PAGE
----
A Conversation with AICPA's Mark Peterson 

Published December 18, 2014

The CPA Advocate recently sat down with AICPA Senior Vice President of Congressional & Political Affairs Mark Peterson for a look at the profession’s legislative agenda and thoughts about member advocacy.

What are the profession’s most pressing legislative priorities for 2015, Mark?
 
We have some issues that are left over from the 113th Congress, not necessarily because they are controversial – as a matter of fact, they are very bipartisan in nature – but because the clock ran out.
 
One is mobile workforce legislation.  At the moment, each state imposes different withholding requirements for non-residents.  In fact, some states require withholding for as little as one day of work.  Legislation that is strongly supported by the AICPA would ease the burden on taxpayers by creating a uniform national standard.  Employees would be subject to state or local taxation only if they work for more than 30 days in the jurisdiction.
 
Another priority is patent reform.  The AICPA is supportive of actions by the House and Senate to adequately curb the threat of patent holding companies, or patent trolls, on our members’ practices and businesses.  These trolls are entities which acquire patents and bring lawsuits against companies, usually small companies, regarding patent infringement for mundane daily uses of technology.  We know that many firms and several state societies have been hit by these trolls.  Our hope is that legislation to fix the problem will come out of the chute early next year.
 
And we also are working with members of the CPA and Accountants Caucus among other leaders in Congress to add accounting to the definition of Science, Technology, Engineering and Math or STEM.  The existing cap of 65,000 visas each fiscal year does not provide adequate flexibility for the profession to attain recruitment goals.  The effort is tied up in the debate over immigration reform, which is controversial.  However, we are working hard to position ourselves in the event it moves forward.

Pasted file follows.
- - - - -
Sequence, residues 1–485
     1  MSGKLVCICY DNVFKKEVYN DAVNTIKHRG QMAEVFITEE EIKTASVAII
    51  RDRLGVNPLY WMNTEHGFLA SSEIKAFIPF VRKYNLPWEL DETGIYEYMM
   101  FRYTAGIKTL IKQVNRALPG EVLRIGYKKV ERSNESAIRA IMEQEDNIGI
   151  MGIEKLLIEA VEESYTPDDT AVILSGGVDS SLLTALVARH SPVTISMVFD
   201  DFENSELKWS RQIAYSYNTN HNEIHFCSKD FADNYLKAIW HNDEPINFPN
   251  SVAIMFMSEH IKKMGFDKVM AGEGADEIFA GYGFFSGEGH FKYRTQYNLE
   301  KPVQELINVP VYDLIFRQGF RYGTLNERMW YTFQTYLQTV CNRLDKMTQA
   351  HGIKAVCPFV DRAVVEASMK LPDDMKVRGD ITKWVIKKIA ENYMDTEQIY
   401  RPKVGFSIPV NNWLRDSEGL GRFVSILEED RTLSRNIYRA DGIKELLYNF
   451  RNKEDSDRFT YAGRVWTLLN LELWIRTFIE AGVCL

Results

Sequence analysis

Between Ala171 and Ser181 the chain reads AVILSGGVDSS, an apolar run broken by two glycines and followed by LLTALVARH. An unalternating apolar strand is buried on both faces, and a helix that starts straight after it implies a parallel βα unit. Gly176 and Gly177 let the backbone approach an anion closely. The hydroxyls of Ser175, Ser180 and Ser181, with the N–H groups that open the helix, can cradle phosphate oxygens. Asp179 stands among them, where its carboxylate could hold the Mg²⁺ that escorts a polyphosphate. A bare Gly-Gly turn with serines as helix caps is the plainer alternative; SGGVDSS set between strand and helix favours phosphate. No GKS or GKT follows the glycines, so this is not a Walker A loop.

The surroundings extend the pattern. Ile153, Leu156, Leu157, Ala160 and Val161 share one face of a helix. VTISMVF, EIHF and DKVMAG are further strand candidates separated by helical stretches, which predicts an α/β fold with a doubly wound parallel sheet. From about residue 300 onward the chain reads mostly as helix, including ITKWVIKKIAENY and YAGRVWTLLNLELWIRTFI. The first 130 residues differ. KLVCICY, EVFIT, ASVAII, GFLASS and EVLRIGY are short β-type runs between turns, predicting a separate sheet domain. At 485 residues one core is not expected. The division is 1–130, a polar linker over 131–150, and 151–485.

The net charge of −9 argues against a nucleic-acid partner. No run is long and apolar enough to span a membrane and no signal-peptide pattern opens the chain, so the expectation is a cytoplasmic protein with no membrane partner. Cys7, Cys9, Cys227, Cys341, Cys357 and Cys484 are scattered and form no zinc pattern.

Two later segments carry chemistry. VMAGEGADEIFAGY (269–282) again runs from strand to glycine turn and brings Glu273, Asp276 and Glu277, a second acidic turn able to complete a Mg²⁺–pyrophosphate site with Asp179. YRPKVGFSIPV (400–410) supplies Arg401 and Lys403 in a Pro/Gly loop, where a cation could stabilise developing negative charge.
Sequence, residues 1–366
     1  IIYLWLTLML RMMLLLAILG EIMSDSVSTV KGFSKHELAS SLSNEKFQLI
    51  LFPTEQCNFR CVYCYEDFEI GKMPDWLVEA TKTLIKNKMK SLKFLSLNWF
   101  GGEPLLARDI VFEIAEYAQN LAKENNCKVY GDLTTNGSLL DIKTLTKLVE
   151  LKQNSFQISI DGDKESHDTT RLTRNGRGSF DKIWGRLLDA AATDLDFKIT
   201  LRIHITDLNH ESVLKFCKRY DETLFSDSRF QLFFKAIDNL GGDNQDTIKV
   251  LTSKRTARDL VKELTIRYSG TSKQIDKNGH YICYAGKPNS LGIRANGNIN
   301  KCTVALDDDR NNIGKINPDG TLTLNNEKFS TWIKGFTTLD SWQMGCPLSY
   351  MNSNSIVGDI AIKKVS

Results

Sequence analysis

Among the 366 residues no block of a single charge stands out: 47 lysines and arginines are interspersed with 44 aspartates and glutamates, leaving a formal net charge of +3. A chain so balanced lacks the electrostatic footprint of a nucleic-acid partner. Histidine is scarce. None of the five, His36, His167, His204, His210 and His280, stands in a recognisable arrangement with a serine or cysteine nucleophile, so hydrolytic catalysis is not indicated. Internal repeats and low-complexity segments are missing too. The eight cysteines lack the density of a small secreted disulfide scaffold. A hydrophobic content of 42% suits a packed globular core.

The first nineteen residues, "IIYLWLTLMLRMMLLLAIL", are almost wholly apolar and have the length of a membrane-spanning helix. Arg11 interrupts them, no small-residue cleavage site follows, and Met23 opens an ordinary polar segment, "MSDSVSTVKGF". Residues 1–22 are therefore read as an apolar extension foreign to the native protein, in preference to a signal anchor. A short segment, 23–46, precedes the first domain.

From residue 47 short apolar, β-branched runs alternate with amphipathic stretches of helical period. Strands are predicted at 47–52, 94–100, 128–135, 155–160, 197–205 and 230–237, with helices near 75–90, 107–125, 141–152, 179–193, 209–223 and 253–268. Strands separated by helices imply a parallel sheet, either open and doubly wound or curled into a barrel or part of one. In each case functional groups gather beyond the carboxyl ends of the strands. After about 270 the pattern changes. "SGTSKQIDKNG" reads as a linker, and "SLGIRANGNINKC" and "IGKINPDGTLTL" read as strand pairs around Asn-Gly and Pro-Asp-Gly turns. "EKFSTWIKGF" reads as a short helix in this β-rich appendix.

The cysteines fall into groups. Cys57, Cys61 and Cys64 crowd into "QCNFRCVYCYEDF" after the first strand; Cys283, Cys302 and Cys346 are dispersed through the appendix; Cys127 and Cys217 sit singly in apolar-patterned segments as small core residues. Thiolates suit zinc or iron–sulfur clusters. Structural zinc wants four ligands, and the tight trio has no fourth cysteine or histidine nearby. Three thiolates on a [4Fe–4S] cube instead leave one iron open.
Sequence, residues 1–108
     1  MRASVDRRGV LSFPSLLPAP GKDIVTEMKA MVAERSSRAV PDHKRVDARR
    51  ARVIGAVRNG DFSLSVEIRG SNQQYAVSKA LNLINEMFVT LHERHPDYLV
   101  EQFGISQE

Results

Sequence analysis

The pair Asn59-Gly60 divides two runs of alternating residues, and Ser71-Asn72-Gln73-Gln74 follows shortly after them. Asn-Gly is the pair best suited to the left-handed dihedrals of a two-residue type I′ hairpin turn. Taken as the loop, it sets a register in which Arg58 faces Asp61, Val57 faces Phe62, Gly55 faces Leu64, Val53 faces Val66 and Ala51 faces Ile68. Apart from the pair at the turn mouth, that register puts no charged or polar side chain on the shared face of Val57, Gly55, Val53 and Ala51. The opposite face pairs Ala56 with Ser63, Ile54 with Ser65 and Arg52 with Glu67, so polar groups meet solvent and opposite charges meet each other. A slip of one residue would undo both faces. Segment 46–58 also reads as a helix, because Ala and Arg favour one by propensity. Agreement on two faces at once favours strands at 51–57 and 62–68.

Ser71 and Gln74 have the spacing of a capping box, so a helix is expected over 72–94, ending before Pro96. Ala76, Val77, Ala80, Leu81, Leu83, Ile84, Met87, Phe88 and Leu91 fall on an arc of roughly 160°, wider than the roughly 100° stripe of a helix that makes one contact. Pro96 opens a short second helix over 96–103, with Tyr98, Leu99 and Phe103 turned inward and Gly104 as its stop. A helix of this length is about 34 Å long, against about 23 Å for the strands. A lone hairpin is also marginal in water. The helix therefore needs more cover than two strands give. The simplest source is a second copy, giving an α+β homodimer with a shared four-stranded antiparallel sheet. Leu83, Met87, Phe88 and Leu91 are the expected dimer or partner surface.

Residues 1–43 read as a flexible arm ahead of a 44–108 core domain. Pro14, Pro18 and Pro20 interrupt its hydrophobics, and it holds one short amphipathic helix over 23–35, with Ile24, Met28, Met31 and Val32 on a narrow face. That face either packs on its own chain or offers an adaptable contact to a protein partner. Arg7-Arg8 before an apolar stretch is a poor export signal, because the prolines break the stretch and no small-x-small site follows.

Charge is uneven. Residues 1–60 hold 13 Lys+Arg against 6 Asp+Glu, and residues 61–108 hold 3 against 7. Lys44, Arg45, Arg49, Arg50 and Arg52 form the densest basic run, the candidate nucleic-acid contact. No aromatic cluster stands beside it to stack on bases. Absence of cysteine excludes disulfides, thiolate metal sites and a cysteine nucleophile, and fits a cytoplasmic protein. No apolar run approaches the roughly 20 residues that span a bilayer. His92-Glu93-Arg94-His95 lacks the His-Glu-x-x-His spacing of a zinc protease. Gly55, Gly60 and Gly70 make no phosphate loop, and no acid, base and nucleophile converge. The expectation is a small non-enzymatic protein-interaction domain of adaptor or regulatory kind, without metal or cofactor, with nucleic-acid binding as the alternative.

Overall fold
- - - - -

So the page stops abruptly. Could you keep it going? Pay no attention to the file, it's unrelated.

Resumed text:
I also want to call attention to our work to preserve the use of cash accounting by CPA firms and other small businesses, which has been part of the debate over tax reform.  The AICPA and state CPA societies have been engaged in several letter-writing and calling efforts to inform members of the House and Senate of the profession’s opposition to any proposed requirement to mandate the use of accrual accounting.  With new faces in Congress and renewed interest in tax reform in the offing, we will continue to fight any effort to mandate the use of accrual accounting.
 
How would you characterize the CPA profession’s reputation on Capitol Hill?
 
The profession has a great reputation on the Hill.  When we walk into congressional offices, they understand it’s CPAs who are coming in to talk with them.  And they will start nodding even before we discuss an issue.  That’s because of the hometown relationship they have with accountants.  The members of Congress and staff realize that CPAs are drivers of their local economies.  As a result, CPAs have a terrific reputation and influence.  And that extends to the AICPA’s Congressional and Political Affairs team.  It provides a very positive platform to be talking to policymakers regardless of the issue.
 
What advice do you have for CPAs who would like to get involved in the profession’s advocacy efforts?
 
First, I’d say it matters.  A lot.  It is easy to say, ‘someone else will take care of the problem.’  But we need CPAs from across the country to join us in advocating on the profession’s behalf.  The truth is that in order to be impactful and get something done, the action has to be bipartisan and accomplished by reaching out to both sides of the political aisle.  So we welcome the input of Democratic CPAs and Republican CPAs alike.  And secondly, as good as our game is in Washington, if the story we tell on the profession’s behalf is bookended by a constituent from the same zip code talking about how important an issue is to the accounting profession and the local economy, it is an incredibly powerful message.
 
What should we know about your congressional and political affairs team?
 
One thing about the team is that we have individuals who have been in the profession and people who have joined us from Capitol Hill.  So there is knowledge of how Capitol Hill works and thinks, as well as insights into the profession.  What we try and do is help educate, navigate and interpret – both from the profession to Capitol Hill and from Capitol Hill to the profession.  And because we work in a bipartisan manner, it really doesn’t matter which party is in the majority.




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